[WASHINGTON, DC] – Today, U.S. Senator Richard Blumenthal (D-CT) and U.S. Representative John Conyers, Jr. (D-MI) held a press conference to outline the Constitutional case for compelling President Trump to obtain the consent of Congress before accepting payments, benefits, or gifts from foreign states. Last week, Blumenthal and Conyers led a group of nearly 200 Members of Congress in filing a complaint in the U.S. District Court for the District of Columbia against the President of the United States, Donald J. Trump, for President Trump’s ongoing violation of the anti-corruption Foreign Emoluments Clause.
The Foreign Emoluments Clause requires that all elected officials, including the president, seek the “consent of the Congress” before receiving any gifts, payments, or benefits from foreign governments. The Constitution’s Framers included such a requirement to protect against foreign influence on U.S. officials, and to ensure that those officials act in the national interest, instead of their own.
Blumenthal and Conyers, who are leading the legal action against President Trump, were joined at the press conference by U.S. Senators Patrick Leahy (D-VT), Tom Udall (D-NM), and Tammy Duckworth (D-IL), and U.S. Representatives Jerry Nadler (D-NY), Steve Cohen (D-TN), Katherine Clark (D-MA), and Brad Schneider (D-IL).
Full video of the press conference is available here.
“We are joining in this action to prevent Donald Trump from thumbing his nose at the Constitution and the American people. The Constitution clearly states that no elected official - including the President - may receive gifts, payments, or benefits from foreign governments without disclosing them to Congress and seeking our consent,” Senator Blumenthal said. “The immense magnitude of President Trump's vast business empire is no excuse for his disregard of the Constitution and disrespect for the American people.”
“For generations,” Representative Conyers said, “presidents of both parties have complied with the Foreign Emoluments Clause by either divesting their business and financial holdings, or coming to Congress to seek approval prior to receiving any foreign government payment or other benefits. Our current President has done neither. This course of conduct is keeping Americans in the dark – leaving us to speculate if he’s acting on behalf of the American people or for his own financial benefit. Today’s legal action is designed to help lift our Nation out of this morass of conflicts and restore faith in our government, just as the founders intended.”
Because President Trump has refused to disclose his business dealings abroad, the full scope of his potential Constitutional violations is unknown. Independent reporting has shown that President Trump has received the following foreign emoluments during his presidency among others:
- Payments from foreign governments housing their officials in rooms or hosting events at Trump’s Washington, D.C. hotel after Inauguration Day;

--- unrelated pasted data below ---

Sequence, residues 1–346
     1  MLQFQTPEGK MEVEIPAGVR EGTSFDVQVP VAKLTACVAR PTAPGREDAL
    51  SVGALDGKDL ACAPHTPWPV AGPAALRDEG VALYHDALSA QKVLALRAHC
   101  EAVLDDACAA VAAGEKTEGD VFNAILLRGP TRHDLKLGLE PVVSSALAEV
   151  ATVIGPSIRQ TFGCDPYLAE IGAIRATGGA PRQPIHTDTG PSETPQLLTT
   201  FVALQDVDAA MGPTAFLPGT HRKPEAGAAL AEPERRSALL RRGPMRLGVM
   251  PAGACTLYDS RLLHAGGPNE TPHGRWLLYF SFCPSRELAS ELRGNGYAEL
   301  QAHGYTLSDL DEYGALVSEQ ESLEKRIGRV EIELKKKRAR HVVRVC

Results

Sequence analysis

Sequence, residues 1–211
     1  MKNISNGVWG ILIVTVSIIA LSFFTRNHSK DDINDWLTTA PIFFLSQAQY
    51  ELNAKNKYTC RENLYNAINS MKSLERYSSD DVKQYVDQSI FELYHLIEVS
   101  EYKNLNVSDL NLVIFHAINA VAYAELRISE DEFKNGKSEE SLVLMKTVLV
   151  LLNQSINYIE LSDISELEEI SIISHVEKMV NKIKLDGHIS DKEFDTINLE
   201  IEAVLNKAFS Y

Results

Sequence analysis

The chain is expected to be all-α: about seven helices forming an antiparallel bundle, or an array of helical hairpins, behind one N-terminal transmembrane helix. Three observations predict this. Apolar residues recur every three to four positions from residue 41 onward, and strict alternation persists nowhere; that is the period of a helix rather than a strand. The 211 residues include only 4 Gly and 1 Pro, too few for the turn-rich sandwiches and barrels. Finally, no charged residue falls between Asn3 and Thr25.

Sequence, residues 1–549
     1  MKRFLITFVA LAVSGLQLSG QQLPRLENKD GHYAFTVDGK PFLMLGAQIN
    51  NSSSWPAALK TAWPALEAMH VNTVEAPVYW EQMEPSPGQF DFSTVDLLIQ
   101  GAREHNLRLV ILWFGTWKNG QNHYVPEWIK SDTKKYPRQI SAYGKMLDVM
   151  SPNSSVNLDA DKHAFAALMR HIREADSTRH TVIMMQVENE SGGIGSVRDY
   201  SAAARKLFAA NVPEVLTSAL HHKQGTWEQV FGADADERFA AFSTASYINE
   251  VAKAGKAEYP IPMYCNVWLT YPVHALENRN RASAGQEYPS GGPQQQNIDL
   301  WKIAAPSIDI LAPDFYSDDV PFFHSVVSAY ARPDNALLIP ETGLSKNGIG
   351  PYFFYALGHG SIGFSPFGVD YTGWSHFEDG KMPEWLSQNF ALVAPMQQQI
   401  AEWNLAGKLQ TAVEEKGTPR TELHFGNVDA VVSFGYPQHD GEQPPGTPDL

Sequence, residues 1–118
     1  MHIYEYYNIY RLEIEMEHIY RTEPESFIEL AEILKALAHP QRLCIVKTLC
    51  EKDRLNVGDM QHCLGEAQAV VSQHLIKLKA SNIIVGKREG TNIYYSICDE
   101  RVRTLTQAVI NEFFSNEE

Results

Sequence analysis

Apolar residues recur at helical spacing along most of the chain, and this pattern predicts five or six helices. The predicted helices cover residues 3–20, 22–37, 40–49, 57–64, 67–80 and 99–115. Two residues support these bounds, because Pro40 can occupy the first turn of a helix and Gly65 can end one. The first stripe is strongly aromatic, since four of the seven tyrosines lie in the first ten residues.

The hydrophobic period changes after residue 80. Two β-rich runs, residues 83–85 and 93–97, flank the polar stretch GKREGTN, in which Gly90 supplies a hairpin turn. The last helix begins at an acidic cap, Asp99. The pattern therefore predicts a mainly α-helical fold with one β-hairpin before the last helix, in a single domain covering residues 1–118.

- Entities owned by foreign states paying rent at Trump World Tower in New York City; and
- The Chinese government granting thirty-nine trademarks to the Trump Organization.
In the week since the complaint was filed, public reporting has revealed that President Trump has received additional foreign benefits – including new trademarks in China – and is brokering business deals in Saudi Arabia and the Persian Gulf while regional tensions escalate. While President Trump continues to accept benefits from foreign governments, Congress has no choice but to seek a remedy through the courts.
“If courts rule otherwise,” added Elizabeth Wydra, President of Constitutional Accountability Center, the public interest organization whose attorneys are representing Members of Congress in this case, “President Trump would be permitted to make government decisions subject to a glaring conflict of interest. The prospect that a president’s decisions would be influenced by foreign manipulation or his personal wealth is exactly why the nation’s Founders adopted the Foreign Emoluments Clause.”
The Constitution does not require Congress to seek information about any benefits the President may be receiving from other countries – rather, the President must come to Congress to disclose any foreign gifts or payments and to obtain permission before accepting them. Nonetheless, Members of the Senate and the House have made repeated attempts to obtain information about President Trump’s business holdings and potential conflicts of interest. These and similar inquiries to Republican Congressional leadership have gone unanswered.
The full list of plaintiffs who have joined this case is available here. A Congressional Research Service analysis of suits by members of Congress found no larger action.
Complaint, Blumenthal, Conyers, et al., vs. Trump: http://theusconstitution.org/sites/default/files/Congress_Emoluments_Complaint_FINAL.pdf
Why Members of Congress have standing: http://theusconstitution.org/sites/default/files/Standing-for-Blumenthal-Conyers-v-Trump.pdf
Key letters from Members of Congress seeking information about President Trump’s foreign emoluments: http://theusconstitution.org/sites/default/files/Congressional-Requests-for-Conflicts-of-Interest.pdf
Maria McElwain, Office of Senator Blumenthal, (202) 224-6452, Maria_McElwain@blumenthal.senate.gov
Shadawn Reddick-Smith, Office of Representative Conyers, 202-225-6906, Shadawn.Reddick-Smith@mail.house.gov
Doug Pennington, Constitutional Accountability Center, 202-296-6889 x 303, email@example.com